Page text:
Another group has engineered an anopheline to have a degree of Plasmodium immunity. Some of us hope for a mosquito that is ready to take a trip to the field, but can this one go the distance? Is it advisable?
The George Dimopoulos team at Johns-Hopkins has scored a nice victory with creation of a refractory genetically modified mosquito (GMM), the performance of which was published in December in PLoS Pathogens: “Engineered Anopheles Immunity to Plasmodium Infection.” (Sorry I didn’t blog on this earlier, but the holidays and whatnot...).
What Dong et al have done is to harness an A. gambiae Rel2 (Rel2-S) transcription factor to the control of a blood meal-inducible carboxylpeptidase (Cp) or vitellogenin (Vg) promoter and transformed this into An. stephensi using piggyBac. Both heterozygotes and homozygotes were studied, though most of the infection experiments were performed on homozygotes and double homozygotes for both effectors. Highly significant levels of reduced infections with Plasmodium falciparum NF45 were observed in all cases. This parasite strain has unusually high levels of parasite numbers, so it’s a knowingly somewhat artificial situation, but experimentally a good choice since it likely strongly challenges the GMM effect.
While one would naturally hope for absolute absence of infections in the GMM, that has not yet been accomplished here (or elsewhere as far as I know). Reduced levels of parasites were observed and might be sufficient to have a significant impact on transmission, particularly if the degree of effect observed is also seen in naturally infected mosquitoes: I’d be looking for a lab in a disease endemic country that could do somewhat natural infections with infected blood. Based on longevity and egg numbers, the authors report that there was “only a weakly negative impact of transgene…” on fitness.
I’ve argued previously that it is neither wise nor necessary to wait for the creation of all of the components required for driving refractoriness into wild populations in order to begin assessing their potential. A prudent and effective way to test these mosquitoes is to proceed toward field testing by inundative release of fertile males carrying the transgene. This would almost certainly have an intentionally limited effect spatially and temporally as the transgene would be diluted and quickly disappear. I won’t reiterate that argument here, but suffice to say that I’d like to see efforts to move refractory mosquitoes to field testing in order to ensure that the epidemiological effects are as expected.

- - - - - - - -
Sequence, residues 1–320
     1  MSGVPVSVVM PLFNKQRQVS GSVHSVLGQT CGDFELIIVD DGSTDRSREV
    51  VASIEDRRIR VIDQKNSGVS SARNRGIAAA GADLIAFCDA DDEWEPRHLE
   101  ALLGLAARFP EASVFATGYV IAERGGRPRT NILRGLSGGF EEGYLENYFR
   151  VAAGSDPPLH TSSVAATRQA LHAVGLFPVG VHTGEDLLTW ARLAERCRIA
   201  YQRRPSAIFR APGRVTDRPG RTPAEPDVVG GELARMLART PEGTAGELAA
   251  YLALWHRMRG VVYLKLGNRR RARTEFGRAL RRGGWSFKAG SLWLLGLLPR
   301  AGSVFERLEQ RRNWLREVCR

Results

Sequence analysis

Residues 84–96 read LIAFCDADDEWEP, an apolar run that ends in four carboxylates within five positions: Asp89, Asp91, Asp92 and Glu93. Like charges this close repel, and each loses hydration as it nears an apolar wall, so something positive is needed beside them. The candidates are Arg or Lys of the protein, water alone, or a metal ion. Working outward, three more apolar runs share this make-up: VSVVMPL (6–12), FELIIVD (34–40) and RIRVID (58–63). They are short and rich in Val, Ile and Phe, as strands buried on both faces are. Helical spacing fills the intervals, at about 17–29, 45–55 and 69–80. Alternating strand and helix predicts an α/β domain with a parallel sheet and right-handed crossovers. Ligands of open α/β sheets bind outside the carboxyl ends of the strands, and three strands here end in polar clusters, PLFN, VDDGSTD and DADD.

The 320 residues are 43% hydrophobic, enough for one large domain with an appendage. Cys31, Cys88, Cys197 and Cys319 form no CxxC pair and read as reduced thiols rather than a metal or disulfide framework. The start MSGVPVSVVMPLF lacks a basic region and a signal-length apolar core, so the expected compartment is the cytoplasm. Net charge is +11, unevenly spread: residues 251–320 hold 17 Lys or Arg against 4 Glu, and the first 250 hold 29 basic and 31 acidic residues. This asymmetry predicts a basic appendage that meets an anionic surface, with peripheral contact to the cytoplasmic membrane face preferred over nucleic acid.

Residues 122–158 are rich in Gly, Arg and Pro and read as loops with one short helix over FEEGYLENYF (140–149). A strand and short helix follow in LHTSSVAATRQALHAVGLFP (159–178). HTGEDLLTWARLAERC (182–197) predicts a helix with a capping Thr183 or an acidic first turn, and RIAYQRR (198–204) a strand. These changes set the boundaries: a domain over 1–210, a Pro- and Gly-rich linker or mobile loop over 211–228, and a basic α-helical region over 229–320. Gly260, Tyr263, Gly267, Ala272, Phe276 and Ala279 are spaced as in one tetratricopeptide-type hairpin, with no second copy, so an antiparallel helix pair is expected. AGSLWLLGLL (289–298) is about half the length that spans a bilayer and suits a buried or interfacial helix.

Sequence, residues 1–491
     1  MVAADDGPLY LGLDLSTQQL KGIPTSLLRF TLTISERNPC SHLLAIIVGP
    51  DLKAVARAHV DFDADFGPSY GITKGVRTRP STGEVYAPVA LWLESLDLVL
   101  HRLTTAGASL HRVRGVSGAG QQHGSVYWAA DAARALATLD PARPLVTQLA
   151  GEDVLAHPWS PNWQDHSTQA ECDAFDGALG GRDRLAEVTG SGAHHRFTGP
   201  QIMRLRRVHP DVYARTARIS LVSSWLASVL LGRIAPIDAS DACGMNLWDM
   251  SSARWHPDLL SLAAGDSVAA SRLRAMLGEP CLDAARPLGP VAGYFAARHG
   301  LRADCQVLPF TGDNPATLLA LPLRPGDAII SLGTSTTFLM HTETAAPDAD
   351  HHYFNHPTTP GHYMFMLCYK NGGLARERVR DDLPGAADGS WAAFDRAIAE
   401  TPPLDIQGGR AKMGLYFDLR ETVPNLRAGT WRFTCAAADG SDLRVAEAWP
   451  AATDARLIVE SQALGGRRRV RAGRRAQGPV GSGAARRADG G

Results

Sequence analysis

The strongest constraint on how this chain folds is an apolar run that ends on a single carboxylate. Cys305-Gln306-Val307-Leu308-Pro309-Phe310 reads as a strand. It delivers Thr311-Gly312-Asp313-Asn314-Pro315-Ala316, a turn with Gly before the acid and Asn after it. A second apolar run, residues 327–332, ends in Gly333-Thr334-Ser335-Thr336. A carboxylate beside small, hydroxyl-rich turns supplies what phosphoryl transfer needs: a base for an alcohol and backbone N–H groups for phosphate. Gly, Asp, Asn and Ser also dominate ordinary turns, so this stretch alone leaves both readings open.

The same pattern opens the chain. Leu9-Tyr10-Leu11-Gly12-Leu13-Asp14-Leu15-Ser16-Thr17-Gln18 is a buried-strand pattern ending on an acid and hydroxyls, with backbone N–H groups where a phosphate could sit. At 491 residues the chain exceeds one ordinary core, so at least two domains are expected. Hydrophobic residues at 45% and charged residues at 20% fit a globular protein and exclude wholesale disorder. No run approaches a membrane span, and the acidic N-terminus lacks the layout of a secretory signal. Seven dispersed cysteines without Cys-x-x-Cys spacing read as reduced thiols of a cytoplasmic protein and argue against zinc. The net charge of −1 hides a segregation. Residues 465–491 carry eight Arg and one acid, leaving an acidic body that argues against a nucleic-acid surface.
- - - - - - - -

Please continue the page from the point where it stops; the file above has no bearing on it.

Of course this would begin in small contained studies in disease endemic countries to ensure that they are safe and effective in the local mosquito genetic background, but these are not prohibitively difficult studies. On the other hand, since there would be a deliberate effort to put a gene into a wild population, the biosafety considerations would be different from that of e.g. sterile males.
The complexion of genetic control of mosquitoes changes with every year. Technical developments that were formidable years ago are becoming routine. Early assessments that An. gambiae is difficult to transform have been revised, and drive systems that are also effectors are offering new possibilities for overcoming the rightly anticipated disassociation of drive and effect. Still, ideal strains for genetic control of malaria vectors do not exist in my estimation. The strains, or attendant technology for handling them, would provide highly-specific en masse female elimination for release purposes – an objective that is technically within reach if given enough effort. Now if we just had an easier way to keep all those strains.